Medical evacuations have been recognized in customary international humanitarian law. Rule 109 of the customary IHL study published by the ICRC in 2005 provides that “whenever circumstances permit, and particularly after an engagement, each party to the conflict must, without delay, take all possible measures to search for, collect and evacuate the wounded, sick and shipwrecked without adverse distinction.” This rule applies in international and non-international armed conflicts. This duty is also applicable to the search, collection, and evacuation of the dead (Rule 112).
Humanitarian organizations have an important role to play in the case of an evacuation, especially in negotiating the establishment of hospital and safety zones. In particular, they must draw up nominative lists of all evacuated persons and ascertain that their medical responsibilities prevail over any police or military decisions, so as to ensure the protection of these persons during the evacuation.
Given the risks incurred by individuals who are evacuated and then gathered together in hospital zones, the parties to the conflict must sign written agreements to regulate the operation of these zones (GCIV Arts. 14 and 15). In particular, these agreements must define the different responsibilities in terms of protecting the populations in these zones.
The massacres committed in the past years in security zones set up under the aegis of the UN should make each actor realize the importance of establishing clear responsibilities.
Evacuations must take place in a way that does not prevent the return home of the evacuees and does not hinder family reunification. Special measures must be taken for the identification of each person. These measures are particularly strict with regard to children.
Specific Medical Evacuations
Evacuation of Children
If necessary, measures must be taken to “remove children temporarily from the area in which hostilities are taking place to a safer area within the country, and ensure that they are accompanied by persons responsible for their safety and well-being,” in both international and internal conflicts (APII Art. 4.3.e, API Art. 78). Whenever possible, this must be done with the consent of their parents or persons responsible for their care.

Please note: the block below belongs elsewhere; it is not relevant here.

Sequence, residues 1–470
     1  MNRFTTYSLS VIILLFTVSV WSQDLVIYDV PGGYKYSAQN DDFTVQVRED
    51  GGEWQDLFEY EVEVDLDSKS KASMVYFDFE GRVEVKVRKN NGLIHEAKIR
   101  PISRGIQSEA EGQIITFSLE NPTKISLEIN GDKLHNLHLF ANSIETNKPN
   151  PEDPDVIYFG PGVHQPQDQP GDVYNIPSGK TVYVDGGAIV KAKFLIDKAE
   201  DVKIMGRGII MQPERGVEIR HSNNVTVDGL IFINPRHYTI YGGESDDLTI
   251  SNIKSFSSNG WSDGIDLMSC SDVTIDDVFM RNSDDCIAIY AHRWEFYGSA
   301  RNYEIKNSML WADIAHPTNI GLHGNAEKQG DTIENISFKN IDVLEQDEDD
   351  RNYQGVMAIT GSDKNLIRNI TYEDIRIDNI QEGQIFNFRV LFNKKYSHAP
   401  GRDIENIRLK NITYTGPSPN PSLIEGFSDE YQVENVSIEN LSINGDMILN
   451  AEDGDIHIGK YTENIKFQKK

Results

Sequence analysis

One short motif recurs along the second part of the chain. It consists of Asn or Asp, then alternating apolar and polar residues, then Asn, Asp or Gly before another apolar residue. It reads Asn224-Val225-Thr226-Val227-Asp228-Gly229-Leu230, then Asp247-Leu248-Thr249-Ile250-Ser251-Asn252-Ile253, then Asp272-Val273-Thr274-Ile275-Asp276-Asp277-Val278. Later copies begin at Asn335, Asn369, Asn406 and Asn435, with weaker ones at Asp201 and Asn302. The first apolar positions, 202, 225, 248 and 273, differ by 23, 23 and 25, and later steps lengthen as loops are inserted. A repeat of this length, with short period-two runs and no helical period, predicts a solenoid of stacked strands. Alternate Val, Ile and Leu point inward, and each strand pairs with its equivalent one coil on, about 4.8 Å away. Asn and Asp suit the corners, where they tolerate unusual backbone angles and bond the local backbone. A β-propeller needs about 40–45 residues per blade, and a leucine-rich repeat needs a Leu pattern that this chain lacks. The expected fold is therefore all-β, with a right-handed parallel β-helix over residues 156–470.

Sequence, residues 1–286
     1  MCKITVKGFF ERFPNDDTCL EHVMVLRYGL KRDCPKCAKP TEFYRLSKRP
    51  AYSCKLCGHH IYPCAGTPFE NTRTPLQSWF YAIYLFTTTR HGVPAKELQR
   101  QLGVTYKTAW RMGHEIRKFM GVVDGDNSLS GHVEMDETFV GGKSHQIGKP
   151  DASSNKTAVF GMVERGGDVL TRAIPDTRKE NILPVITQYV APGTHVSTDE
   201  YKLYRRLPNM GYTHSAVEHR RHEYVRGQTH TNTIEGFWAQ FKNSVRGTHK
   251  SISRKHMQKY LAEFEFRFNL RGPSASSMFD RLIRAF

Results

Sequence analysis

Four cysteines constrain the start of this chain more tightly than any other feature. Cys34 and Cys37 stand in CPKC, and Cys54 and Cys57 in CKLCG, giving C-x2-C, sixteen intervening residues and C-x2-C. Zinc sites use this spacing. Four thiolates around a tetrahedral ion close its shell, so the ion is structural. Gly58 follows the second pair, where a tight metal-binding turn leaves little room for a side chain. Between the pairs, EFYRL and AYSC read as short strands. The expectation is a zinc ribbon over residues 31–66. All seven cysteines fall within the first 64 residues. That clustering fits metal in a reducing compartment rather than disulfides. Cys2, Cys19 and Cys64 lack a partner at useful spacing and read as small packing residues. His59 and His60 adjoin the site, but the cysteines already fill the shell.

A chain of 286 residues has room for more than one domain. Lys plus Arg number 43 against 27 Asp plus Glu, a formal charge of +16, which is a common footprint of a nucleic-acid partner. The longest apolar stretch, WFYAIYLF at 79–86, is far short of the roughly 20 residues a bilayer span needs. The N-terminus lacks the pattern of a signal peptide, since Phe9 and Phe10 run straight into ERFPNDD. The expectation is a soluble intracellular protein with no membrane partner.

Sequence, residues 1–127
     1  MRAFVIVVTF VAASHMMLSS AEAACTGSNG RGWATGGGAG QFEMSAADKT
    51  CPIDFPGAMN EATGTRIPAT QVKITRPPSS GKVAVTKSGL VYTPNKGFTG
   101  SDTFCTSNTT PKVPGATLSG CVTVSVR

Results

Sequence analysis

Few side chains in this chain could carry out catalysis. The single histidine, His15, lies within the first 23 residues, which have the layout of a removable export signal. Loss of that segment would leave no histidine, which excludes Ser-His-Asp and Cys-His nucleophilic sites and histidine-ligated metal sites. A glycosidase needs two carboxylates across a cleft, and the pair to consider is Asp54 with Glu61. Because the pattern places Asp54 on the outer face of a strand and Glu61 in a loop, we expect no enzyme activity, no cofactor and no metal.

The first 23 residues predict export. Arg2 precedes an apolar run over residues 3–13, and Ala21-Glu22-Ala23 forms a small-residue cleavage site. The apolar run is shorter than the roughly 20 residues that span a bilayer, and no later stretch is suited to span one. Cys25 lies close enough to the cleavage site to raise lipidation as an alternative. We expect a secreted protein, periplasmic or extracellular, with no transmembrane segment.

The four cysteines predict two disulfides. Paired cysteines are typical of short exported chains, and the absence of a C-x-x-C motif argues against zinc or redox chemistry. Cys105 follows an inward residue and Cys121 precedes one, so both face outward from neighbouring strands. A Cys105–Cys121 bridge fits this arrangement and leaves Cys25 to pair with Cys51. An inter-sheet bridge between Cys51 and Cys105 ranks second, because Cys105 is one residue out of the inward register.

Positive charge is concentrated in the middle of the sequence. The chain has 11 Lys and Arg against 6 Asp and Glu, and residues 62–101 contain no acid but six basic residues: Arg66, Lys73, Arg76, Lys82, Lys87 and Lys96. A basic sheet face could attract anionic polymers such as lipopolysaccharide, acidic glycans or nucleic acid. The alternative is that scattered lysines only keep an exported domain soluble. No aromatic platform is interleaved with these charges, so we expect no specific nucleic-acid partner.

In case of an international conflict, children may not be evacuated to a foreign country unless they are being evacuated by the party to the conflict of which they are nationals.
When children are evacuated, humanitarian law establishes many restrictions. The aim of such regulations is to protect the interests of the children, particularly to facilitate their return to their families and to prevent the development of practices such as illegal adoptions (API Art. 78).
The authorities arranging for the evacuation of children, or those of the country receiving them, must establish a card for each child and send it to the Central Tracing Agency of the Red Cross.
Each card must bear, whenever possible and whenever it involves no risk to the child, the following information: last and first name; gender; place and date of birth; father’s and mother’s first and last names; next of kin; nationality; the child’s native language and any other languages he or she speaks; family’s address; any identification number that might have been given to the child; state of health and blood type; any distinguishing features; the date and place where the child was found; the date and place from which the child left the country; the child’s religion, if any; and the child’s address in the receiving country. If the child should die before his or her return, the date, place, and circumstances of death and place of burial must also be noted (API Art. 78).
Evacuation of Wounded Combatants
Humanitarian law prohibits any distinction being made between wounded civilians and wounded military personnel. They have the same rights to be collected, evacuated, and cared for.
However, wounded and sick members of a belligerent party who fall into enemy hands are considered prisoners of war (GCI Art. 14). As such, they benefit from the rights established by the Third Geneva Convention and must be evacuated from the combat zone to an internment camp for prisoners of war situated away from the danger zones (GCIII Art. 19). The evacuation must be carried out humanely and in conditions similar to those for the forces of the detaining power in their changes of station. In particular, they must be given food, drinking water, clothing, and any necessary medical attention (GCIII Art. 20).
Prisoners of war who suffer from certain illnesses or wounds may not be kept in captivity or be cared for in the territory of the detaining power. Humanitarian law establishes that they should be transferred to the hospitals of neutral States or repatriated directly to their own country. The kinds of wounds and diseases to which these conditions apply are enumerated in Article 110 of the Third Geneva Convention and are further detailed in the entry on ▸ Prisoners of war . Annex I of the Third Geneva Convention provides a model agreement concerning the direct repatriation or hospitalization in neutral countries of wounded and sick prisoners of war.
For Additional Information: Carpenter, R. Charli. “‘Women and Children First’: Gender, Norms, and Humanitarian Evacuation in the Balkans, 1991–95.” International Organization 57 no. 4 (2003): 661–94.
Stavropoulou, Maria. “The Right Not to Be Displaced.” American Journal of International Law and Policy 9 (1994): 689–749.